Android Studio complains that this requires API level 21, meaning if we are going to uses this feature then we can only ship it to devices on Lollipop or later, but we haven’t told Android Studio whether this is what we intend to do.

Chiu-Ki shows us how to specify this with the version qualifier, setting it to 21. This creates a new directory values-v21.

We copy styles.xml into this new folder, and change the original styles.xml to use “android:Theme”

Next we see how to apply the Holo theme to devices using v14 or above. Chiu-Ki shows us how to create a Jelly Bean emulator.

We see the Holo style is being used for our Jelly Bean device, and we can customize it. We see the android:textColor attribute, which is set to blue.

In order to apply this style change across all android devices without a lot of copying and pasting, we can define an extra parent called AppBaseTheme.

Our styles are called “AppTheme” and inherit from “AppBaseTheme”:

<style name=”AppTheme” parent=”AppBaseTheme”></style>


All our app does currently is display “Hello world”. Here we enhance it so that we can interact with our app.

To add a menu we first create a menu folder underneath the res folder.


In this new folder we create activity_main.xml


In the latest version of Android Studio, it has all changed from how it looks in the video.

In the video we see the XML displayed as text, and we have an XML element and a menu element. In the latest Android Studio, we get an Exception:


A new layout designer was announced during the I/O 2016 Keynote. My first impression of this new feature is not good. I hope that Google will make this feature more user friendly.

What XML code exists behind this layout designer? I opened up the file in Atom to find out:


The file just created has no code in it at all. This explains why the text tab is empty in Android Studio. We can add the text from the video either into the text tab in Android Studio, or using any other text editor that we prefer.



The exception message now disappears from Android Studio. Next, Chiu-Ki shows us how to add an item.

Once the text is entered, Chiu-Ki shows us how to add a new string value resource.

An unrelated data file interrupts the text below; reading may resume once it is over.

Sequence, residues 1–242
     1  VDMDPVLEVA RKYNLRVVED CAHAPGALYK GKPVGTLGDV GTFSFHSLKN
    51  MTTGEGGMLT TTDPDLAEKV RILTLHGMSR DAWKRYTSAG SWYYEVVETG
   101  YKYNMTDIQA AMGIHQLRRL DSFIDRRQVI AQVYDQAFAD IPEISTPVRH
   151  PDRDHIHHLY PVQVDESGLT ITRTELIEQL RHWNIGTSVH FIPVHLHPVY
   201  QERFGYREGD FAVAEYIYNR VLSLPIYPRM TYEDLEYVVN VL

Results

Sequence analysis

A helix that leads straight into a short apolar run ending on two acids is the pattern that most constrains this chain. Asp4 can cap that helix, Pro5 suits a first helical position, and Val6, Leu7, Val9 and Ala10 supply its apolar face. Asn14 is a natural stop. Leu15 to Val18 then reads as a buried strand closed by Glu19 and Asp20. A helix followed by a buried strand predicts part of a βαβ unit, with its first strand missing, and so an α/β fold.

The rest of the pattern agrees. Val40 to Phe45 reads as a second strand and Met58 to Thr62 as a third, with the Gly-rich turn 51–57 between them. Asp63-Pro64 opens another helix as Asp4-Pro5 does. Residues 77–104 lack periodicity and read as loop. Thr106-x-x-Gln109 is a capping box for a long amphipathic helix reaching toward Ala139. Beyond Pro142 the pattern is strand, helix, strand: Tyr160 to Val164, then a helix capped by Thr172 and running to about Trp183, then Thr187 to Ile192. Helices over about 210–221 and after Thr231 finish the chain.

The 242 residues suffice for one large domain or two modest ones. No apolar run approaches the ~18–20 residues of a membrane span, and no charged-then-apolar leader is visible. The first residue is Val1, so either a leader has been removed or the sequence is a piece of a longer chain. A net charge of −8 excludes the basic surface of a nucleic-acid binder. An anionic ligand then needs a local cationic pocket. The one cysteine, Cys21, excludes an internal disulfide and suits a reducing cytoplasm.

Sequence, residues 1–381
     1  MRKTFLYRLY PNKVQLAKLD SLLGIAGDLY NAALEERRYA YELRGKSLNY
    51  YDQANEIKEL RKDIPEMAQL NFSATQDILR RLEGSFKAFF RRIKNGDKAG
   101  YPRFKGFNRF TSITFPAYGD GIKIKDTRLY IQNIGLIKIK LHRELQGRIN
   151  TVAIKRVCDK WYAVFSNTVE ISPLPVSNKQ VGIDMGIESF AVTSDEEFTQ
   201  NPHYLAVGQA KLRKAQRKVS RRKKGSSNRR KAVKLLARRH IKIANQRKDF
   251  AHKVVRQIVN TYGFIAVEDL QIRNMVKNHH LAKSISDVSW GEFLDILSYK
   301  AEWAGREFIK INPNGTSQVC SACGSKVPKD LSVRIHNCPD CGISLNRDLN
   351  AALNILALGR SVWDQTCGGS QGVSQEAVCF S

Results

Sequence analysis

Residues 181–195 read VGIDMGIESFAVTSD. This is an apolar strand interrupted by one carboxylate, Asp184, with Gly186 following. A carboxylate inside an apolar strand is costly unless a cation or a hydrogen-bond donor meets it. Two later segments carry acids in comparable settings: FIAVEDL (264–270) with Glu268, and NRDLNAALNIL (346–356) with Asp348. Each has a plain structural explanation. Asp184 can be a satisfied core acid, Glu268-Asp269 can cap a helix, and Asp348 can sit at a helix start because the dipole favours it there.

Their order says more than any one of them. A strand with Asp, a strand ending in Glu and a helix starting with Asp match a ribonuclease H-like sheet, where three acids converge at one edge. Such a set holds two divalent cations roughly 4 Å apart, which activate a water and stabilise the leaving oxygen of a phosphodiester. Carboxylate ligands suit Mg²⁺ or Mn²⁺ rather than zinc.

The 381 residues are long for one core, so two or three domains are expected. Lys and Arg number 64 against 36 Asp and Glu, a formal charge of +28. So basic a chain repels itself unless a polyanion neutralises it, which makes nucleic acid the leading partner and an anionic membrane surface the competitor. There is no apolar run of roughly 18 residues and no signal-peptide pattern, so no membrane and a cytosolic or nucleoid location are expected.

The red text changes to green.

Our next task is to use this XML in our main activity.

We do this by overidding the onCreate options menu function.

Chiu-Ki says we can either type it out ourselves or ask Android Studio to do it for us.

We see how to ask Android Studio to generate this code for us.


This adds the following Java code:

public boolean onCreateOptionsMenu(Menu menu) {
  return super.onCreateOptionsMenu(menu);

We don’t want to call super here. Instead we want to use the MenuInflater.

public boolean onCreateOptionsMenu(Menu menu) {
  getMenuInflater().inflate(, menu);
  return true;

Chiu-Ki explains the purpose of this code for us.

When we run our app again we see the 3 dots that denote our new menu. If we touch this button it displays one menu item with “say bye”


The next step is the make the “say bye” option do something. We can do this with the onOptionsItemSelected function and Chiu-Ki shows us the if statement that we need to write in here.

This also involves adding an android:id attribute in our TextView element in layout/activity_main.xml

In our Android Studio shows text in red, meaning we need to import our TextView. We also need to create greetingView as a field.

Towards the end of this lesson, we have the following line of Java code to change our hello world message:


When we run this and click “say bye”, the message “Hello world!” changes to “Goodbye!”


Chiu-Ki explains that there are two kinds of tests in Android:

  1. Pure Java tests on JVM
  2. Instrumentation tests on device/emulator

Instrumentation tests are for things like our activities. As these typically run on emulators, they are generally slower than Pure Java tests.

We don’t have any pure Java to test. Instead, Chiu-Ki introduces us to Expresso testing.

Expresso is an Android Testing Framework from Google.

We see that we must first check that we have installed the support library. Chiu-Ki has version 23.1.1 installed

Running Android 2.2 Preview 3 on Windows, it tells me that Android Support Library v23.2.1 is obsolete. I install it anyway.

We must also update our build.gradle file.

If you have problems, read Google expresso testing page carefully to troubleshoot.

Once the project is correctly sync’d, add a new folder androidTest and another folder Java inside it.


The java folder is green. This means it is recognized as our test directory.

Open the, and from the top menu choose Navigate -> Test. Then click select new test…


We choose JUnit4 and the suggested destination package.


Now that we have our test file, Chiu-Ki describes all of the code needed to write our Expresso tests, and how to run our tests.

We tag the class with @RunWith(AndroidJUnit4.class) and use the ActivityTestRule for Expresso to launch our activity for each test method.

Taking Your Next Steps

Chiu-Ki congratulates us on our progress enhancing the Hello World app.

She shows us how to create a new project in Android Studio.

New App

Chiu-Ki says what we have learned is just the beginning. Areas that we may want to explore next are:

  • Navigation
  • UI
  • Compatibility
  • Background
  • Persistence
  • Testing

To find resources for learning these areas of Android, see the Hello World README

Other Android Development Courses on Pluralsight

Exploring Android Studio

Building Mobile Apps with the Ionic Framework and Angular JS

Building Your First Xamarin Android App From Start to Store